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Deliberate self-harm and trauma – A descriptive analysis from a London major trauma centre

Published:November 25, 2022DOI:https://doi.org/10.1016/j.injury.2022.11.053

      Highlights

      • The psychiatric morbidity of injured patients presenting with deliberate self-harm (DSH) which is often overlooked as a cause of major trauma.
      • Timely review of patients with DSJ by liaison psychiatry is an essential part of patient care ensuring the appropriate level of care.
      • Raising awareness of patients with mental health needs across the pathway for the major trauma patients is crucial.

      Abstract

      Objectives

      The objective of this study is to present a retrospective analysis of patients presenting to a Major Trauma Centre (MTC) following deliberate self-harm (DSH) and identifying the precipitants of DSH and psychiatric morbidity that will serve to inform the provision of care for these patients.

      Patients and methods

      This was a retrospective observational study from a London Major Trauma Centre that identified all injured patients that presented with deliberate self-harm. Data was analysed from our established trauma database. The data was analysed using descriptive statistics.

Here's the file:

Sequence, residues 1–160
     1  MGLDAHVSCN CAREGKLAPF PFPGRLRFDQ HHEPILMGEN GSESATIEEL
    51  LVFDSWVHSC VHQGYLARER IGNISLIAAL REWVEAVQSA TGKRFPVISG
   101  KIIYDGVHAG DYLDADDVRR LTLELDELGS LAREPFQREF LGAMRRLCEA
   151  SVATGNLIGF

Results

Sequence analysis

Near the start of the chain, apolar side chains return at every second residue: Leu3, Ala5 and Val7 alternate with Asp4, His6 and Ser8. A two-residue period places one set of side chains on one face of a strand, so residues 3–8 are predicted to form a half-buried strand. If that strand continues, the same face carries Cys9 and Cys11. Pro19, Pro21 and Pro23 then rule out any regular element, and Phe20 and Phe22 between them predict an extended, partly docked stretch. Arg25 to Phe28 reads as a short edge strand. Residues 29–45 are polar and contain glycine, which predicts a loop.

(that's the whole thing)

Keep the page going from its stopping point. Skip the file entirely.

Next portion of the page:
Results

      This included 347 patients of whom 253 were male and 94 were female. The median age was 36 (range 14–93) years. Penetrating injuries (shooting and stabbing) occurred in 187 (54%) patients and blunt injuries in 160 (46%) patients. Self-stabbing (52%) was the most common cause for presentation followed by jumping from a height (26%). The median Injury Severity Score (ISS) was 4 (range 1–9). The median LOS was 3 days (range 0–109), with a mean stay of 8 days. Over half of the patients (n = 189) had previous contact with mental health services. Social and mental health were the main triggers for DSH.

      Conclusions

      Societal and economic factors as well as a mental disorder are associated with trauma related DSH. These complex group of patients presenting to MTCs have not only acute surgical needs but social and psychological as well. Raising awareness of patients’ mental health needs across the whole pathway for the major trauma patient is crucial to ensure that appropriate risk assessments are undertaken at every stage. It is also essential to provide psychological support to the multi-disciplinary team for their wellbeing.

      Keywords

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